Out of the 115 women who underwent IVF/ICSI, 46 women achieved pregnancy (40.0%) and were defined as pregnant group, with the remaining 69 (60%) unable to achieve pregnancy (nonpregnant group) (Graph 1). In the pregnant group, 38 had a viable intrauterine pregnancy. Among the eight patients who had nonviable pregnancies, two were biochemical, one was ectopic, and five had miscarriage (four in first trimester and one in second trimester). Clinical pregnancy rate was 38%. Ongoing pregnancy rate was 33%.

No statistically significant differences were observed in the mean age, body mass index (BMI), basal follicle stimulating hormone (FSH) level, antral follicle count (AFC), peak E2, and number of embryos transferred between the pregnant with the nonpregnant group (Table 1). No significant differences were observed when comparing E2 and P4 levels on D0 between nonpregnant (E2 – 597 ± 237.1 pg/mL, P4 – 44.1 ± 15.09 ng/mL) and pregnant groups (E2 – 522.7 ± 188.16 pg/mL, P4 – 40.2 ± 10.5 ng/mL) (Table 2). The mean values of E2 and P4 levels in the luteal phase on day 9 for both groups are summarized in Table 3. Significantly lower concentration of E2 and P4 was observed in the nonpregnant (E2 – 341.64 ± 142.86 pg/mL, P4 – 31.1 ± 12.96 ng/mL) as compared with the pregnant group (E2 – 781.24 ± 313.7 pg/mL, P4 – 72.39 ± 16.5 ng/mL).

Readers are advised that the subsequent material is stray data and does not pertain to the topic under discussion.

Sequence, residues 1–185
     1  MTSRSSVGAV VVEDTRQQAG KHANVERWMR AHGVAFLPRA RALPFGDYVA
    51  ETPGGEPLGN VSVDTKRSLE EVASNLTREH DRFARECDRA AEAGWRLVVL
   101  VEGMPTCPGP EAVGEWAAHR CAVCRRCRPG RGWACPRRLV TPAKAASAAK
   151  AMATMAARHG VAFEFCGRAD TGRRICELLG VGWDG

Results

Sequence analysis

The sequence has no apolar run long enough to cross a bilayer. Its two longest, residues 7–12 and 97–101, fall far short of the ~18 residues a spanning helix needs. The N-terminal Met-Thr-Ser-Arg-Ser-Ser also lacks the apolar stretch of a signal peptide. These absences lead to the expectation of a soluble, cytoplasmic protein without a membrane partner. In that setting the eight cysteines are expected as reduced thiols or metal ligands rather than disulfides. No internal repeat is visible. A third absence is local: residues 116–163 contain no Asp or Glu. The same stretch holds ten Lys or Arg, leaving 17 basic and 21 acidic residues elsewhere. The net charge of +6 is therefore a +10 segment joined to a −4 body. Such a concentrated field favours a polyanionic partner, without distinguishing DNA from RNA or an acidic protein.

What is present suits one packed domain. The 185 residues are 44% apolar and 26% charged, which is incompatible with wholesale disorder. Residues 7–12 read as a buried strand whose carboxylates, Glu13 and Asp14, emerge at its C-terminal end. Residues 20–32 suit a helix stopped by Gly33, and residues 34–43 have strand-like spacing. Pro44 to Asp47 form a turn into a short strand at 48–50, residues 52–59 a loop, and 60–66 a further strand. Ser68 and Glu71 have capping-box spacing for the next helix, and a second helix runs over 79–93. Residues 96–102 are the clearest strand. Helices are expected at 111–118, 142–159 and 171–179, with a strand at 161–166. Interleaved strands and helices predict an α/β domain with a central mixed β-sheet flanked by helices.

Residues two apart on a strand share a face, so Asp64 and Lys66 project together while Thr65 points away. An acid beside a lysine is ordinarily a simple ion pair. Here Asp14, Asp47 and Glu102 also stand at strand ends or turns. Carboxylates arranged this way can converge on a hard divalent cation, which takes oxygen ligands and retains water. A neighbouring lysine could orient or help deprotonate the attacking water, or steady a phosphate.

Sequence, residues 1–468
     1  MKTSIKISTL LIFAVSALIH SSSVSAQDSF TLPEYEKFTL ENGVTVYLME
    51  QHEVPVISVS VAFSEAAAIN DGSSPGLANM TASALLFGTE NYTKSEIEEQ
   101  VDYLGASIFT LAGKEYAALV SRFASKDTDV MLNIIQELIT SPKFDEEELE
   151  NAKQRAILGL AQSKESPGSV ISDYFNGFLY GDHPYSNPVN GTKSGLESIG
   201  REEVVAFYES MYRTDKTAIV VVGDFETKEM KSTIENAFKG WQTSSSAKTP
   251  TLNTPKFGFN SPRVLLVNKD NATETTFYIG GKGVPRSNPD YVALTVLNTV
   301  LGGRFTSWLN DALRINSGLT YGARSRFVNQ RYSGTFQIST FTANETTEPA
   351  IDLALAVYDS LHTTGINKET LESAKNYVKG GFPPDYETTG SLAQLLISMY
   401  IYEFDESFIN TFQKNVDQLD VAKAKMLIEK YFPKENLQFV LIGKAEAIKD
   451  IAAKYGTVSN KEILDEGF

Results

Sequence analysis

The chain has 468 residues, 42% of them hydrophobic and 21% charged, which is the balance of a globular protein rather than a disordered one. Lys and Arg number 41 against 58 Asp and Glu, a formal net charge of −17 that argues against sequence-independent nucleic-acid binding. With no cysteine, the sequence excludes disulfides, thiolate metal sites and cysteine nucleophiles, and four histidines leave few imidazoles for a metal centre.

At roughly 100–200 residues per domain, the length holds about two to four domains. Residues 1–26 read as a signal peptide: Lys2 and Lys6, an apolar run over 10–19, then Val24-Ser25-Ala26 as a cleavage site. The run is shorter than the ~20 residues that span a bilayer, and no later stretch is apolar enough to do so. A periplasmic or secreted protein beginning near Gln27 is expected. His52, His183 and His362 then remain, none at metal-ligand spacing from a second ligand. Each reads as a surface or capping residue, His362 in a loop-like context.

Graph 1:

Number of patients in pregnant and nonpregnant groups

Graph 2:

The receiver operating characteristic curve for P4 at day 9


Table 1: Comparison of clinical data between pregnant and nonpregnant women

ParametersPregnant group (n = 46)Nonpregnant group (n = 69)t-valuep-value
Age (years)30.87 ± 3.6531.48 ± 3.51.0070.32
BMI (kg/m2)27.58 ± 2.1028.28 ± 2.841.6310.11
Basal FSH (mIU/mL)5.63 ± 1.285.85 ± 1.251.0410.30
AFC12.77 ± 7.4711.72 ± 5.280.9980.32
Trigger E2 (pg/mL)2641 ± 10992502 ± 10540.7610.44
No. of embryo transferred3.02 ± 1.052.81 ± 0.991.2240.22

Table 2: Comparison of luteal phase serum P4 and E2 level (day 0) between pregnant and nonpregnant women

ParametersPregnant group (n = 46)Nonpregnant group (n = 69)p-value*
Day 0 serum P4 (ng/mL)40.2 ± 10.544.1 ± 15.10.40
Day 0 serum E2 (pg/mL)522.7 ± 188.2597.7 ± 237.10.117

*p < 0.05; Statistically significant, all values in mean ± standard deviation

Table 3: Comparison of luteal phase serum P4 and E2 level (day 9) between pregnant and nonpregnant women

ParametersPregnant group (n = 46)Nonpregnant group (n = 69)  p-value*
Day 9 serum P4 (ng/mL)72.4 ± 16.531.1 ± 13.0<0.01
Day 9 serum E2 (pg/mL)781.2 ± 313.7341.6 ± 142.9<0.01

*p < 0.05; Statistically significant, all values in mean ± standard deviation

The area under the curve (AUC) for P4 on day 9 is 0.961 (p < 0.01) (Graph 2) with value of 48 ng/mL, having sensitivity of 89.1% and specificity of 88.4% to predict pregnancy. The AUC for E2 on day 9 is 0.941 (p < 0.01) (Graph 3) with value of 475 pg/mL having sensitivity of 89.1% and specificity of 82.6% to predict pregnancy.

We found that cases which showed an increase in E2 and P4 were associated with 77.9% pregnancy rate and 64.4% of these pregnancies were ongoing. On the contrary, in cases with decreased E2 and P4 levels, 91.2% failed to achieve pregnancy. There was no significant increase in pregnancy rate in group who received rescue hCG (Table 4).